A Welcome to a New-born Daughter: 1770

Although the infant Princess Charlotte has already been heartily welcomed by the entire Empire, this delightful letter would have set exactly the right tone for her babyship as the Royal family prepares for the Princess’s Christening this week-end.

Miss Talbot to a new-born child, daughter of Mr. John Talbot, a son of the Lord Chancellor.

You are heartily welcome, my dear little cousin, into this unquiet world: long may you continue in it, in all the happiness it can give; and bestow enough on all your friends, to answer fully the impatience with which you have been expected. May you grow up to have every accomplishment, that your good friend the Bishop of Derry can already imagine in you; and in the mean time, may you have a nurse with a tunable voice, that may not talk an immoderate deal of nonsense to you. You are at present, my dear, in a very philosophical disposition: the gaities and follies of life have no attraction for you; its sorrows you kindly commiserate; but, however, do not suffer them to disturb your slumbers; and find charms in nothing but harmony and repose. You have as yet contracted no partialities, are entirely ignorant of party distinctions, and look with a perfect indifference on all human splendor. You have an absolute dislike to the vanities of dress; and are likely for many months to observe the Bishop of Bristol’s first rule of conversation, silence, though tempted to transgress it, by the novelty and strangeness of all the objects round you. As you advance farther in life, this philosophical temper will by degrees wear off. The first object of your admiration will probably be a candle; and thence, (as we all of us do) you will contract a taste for the gaudy and the glaring, without making one moral reflection upon the danger of such false admiration as leads people, many a time, to burn their fingers. You will then begin to shew great partiality for some very good aunts, who will contribute all they can towards spoiling you; but you will be equally fond of an excellent mamma, who will teach you, by her example, all sorts of good qualities; only let me warn you of one thing, my dear, and that is, do not learn of her to have such an immoderate love of home, as is quite contrary to all the privileges of this polite age, and to give up so entirely all those pretty graces of whim, flutter, and affectation, which so many charitable poets have declared to be the prerogative of our sex. Ah! my poor cousin, to what purpose will you boast this prerogative, when your nurse tells you, with a pious care to sow the seeds of jealousy and emulation as early as possible, that you have a fine little brother come to put your nose out of joint. There will be nothing to be done then, I believe, but to be mighty good, and prove what, believe me, admits of very little dispute, (though it has occasioned abundance) that we girls, however people give themselves airs of being disappointed, are by no means to be despised. Let the men unenvied shine in public, it is we must make their homes delightful to them; and, if they provoke us, no less uncomfortable. I do not expect you, my dear, to answer this letter yet awhile, but as, I dare say, you have the greatest interest with your papa, will beg you to prevail upon him, that we may know by a line, (before his time is engrossed by another secret committee) that you and your mamma are well. In the mean time I will only assure you, that all here rejoice in your existence extremely; and that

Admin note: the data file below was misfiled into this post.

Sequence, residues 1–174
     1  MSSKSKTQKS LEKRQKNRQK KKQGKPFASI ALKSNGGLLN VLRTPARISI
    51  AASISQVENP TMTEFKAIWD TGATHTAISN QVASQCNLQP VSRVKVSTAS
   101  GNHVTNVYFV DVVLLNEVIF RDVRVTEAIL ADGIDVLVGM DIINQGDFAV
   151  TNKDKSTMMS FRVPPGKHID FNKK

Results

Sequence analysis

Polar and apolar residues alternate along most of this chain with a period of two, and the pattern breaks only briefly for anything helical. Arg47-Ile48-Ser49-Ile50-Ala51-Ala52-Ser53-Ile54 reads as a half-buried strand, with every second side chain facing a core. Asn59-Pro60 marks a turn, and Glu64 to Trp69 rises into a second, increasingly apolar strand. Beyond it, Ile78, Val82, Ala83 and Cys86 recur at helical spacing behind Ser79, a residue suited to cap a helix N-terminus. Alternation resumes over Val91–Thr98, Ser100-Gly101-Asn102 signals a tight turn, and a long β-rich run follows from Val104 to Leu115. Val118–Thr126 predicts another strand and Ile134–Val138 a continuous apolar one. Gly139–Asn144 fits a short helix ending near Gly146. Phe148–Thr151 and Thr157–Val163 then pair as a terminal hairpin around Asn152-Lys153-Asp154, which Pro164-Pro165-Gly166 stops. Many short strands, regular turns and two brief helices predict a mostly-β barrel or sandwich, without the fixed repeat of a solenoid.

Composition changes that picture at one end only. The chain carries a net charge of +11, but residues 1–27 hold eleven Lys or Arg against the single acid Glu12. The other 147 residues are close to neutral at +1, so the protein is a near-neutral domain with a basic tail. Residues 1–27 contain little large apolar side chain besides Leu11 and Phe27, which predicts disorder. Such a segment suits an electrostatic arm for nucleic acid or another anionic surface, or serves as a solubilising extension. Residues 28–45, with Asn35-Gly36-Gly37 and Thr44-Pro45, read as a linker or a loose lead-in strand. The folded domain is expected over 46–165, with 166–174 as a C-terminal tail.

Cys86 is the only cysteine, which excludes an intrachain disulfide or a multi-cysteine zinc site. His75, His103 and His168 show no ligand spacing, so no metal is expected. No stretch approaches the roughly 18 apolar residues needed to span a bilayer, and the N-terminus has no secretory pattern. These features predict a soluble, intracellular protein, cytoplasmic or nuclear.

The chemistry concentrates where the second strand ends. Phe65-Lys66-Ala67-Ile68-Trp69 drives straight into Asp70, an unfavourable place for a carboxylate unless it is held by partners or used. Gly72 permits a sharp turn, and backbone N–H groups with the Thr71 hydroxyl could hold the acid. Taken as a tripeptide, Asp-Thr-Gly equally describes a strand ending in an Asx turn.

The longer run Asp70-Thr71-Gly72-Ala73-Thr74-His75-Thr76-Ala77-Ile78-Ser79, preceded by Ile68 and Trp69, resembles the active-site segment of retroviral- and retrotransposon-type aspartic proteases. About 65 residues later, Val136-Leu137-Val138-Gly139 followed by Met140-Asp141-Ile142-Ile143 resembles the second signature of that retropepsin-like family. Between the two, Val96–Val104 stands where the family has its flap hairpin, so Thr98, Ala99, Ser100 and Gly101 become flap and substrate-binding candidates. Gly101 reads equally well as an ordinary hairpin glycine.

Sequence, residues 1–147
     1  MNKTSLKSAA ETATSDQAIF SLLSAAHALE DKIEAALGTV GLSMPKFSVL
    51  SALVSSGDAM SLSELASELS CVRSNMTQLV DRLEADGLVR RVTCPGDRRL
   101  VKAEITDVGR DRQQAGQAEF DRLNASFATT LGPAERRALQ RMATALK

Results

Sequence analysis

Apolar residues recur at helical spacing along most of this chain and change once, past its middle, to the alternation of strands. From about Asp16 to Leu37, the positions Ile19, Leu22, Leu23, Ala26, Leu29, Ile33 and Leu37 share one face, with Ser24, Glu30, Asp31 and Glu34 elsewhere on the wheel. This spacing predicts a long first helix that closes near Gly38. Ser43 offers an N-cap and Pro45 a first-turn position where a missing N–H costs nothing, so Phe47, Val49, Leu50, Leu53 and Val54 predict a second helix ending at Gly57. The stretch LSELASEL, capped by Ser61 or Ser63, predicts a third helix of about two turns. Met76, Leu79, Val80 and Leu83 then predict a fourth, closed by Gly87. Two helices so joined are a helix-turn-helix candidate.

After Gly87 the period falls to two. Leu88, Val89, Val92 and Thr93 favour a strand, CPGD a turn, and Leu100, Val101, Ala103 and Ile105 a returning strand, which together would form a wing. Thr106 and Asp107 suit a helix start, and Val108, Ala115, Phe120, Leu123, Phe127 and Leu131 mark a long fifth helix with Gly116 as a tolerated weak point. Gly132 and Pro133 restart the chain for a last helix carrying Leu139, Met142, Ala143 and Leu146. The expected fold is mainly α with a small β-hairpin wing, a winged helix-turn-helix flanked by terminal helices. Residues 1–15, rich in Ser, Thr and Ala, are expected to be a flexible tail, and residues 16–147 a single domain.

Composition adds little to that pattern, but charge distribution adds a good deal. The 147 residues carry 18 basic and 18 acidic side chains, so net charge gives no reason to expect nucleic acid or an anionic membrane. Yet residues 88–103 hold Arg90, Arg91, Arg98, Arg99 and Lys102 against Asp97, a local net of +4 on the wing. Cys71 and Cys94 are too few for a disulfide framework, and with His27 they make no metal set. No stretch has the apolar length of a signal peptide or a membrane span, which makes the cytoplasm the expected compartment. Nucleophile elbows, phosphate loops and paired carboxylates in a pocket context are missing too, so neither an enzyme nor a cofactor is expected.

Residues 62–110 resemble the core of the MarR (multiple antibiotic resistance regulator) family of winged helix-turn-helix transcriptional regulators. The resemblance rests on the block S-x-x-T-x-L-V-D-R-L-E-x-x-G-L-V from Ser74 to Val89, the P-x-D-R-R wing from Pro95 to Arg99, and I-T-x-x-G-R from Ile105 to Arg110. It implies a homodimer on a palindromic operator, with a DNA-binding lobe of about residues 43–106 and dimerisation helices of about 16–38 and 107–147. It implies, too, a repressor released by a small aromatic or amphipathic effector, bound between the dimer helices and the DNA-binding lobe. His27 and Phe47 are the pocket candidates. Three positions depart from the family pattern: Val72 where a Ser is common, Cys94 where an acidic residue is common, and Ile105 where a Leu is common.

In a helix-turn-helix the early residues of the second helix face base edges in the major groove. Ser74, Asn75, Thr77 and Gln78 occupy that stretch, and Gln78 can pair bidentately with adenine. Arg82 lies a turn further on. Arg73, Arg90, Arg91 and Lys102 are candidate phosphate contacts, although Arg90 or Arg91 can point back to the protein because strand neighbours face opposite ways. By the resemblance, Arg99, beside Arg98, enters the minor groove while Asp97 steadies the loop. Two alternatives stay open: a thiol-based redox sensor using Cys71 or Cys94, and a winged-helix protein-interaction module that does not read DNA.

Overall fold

I am,

My very young correspondent,

most affectionately yours,

C. T.

A Selection of Curious Articles from the Gentleman’s Magazine, Volume 3, John Walker 1811

Mrs Daffodil’s Aide-memoire: The pious and ingenious author of the above letter, who died Jan. 9, 1770, aged 48, was the [unnamed! Caroline? Charlotte?] only daughter of Mr. Edward Talbot, Archdeacon of Berks, and younger son of Dr. Talbot, Bishop of Durham. There having been the most intimate friendship between him and the late Archbishop Seeker, his widow and daughter lived as inmates in his grace’s family till his death, when he left the interest of £3,000 to them and the survivor of them, and afterward the whole sum to charitable uses. 1770, Feb.

 

 

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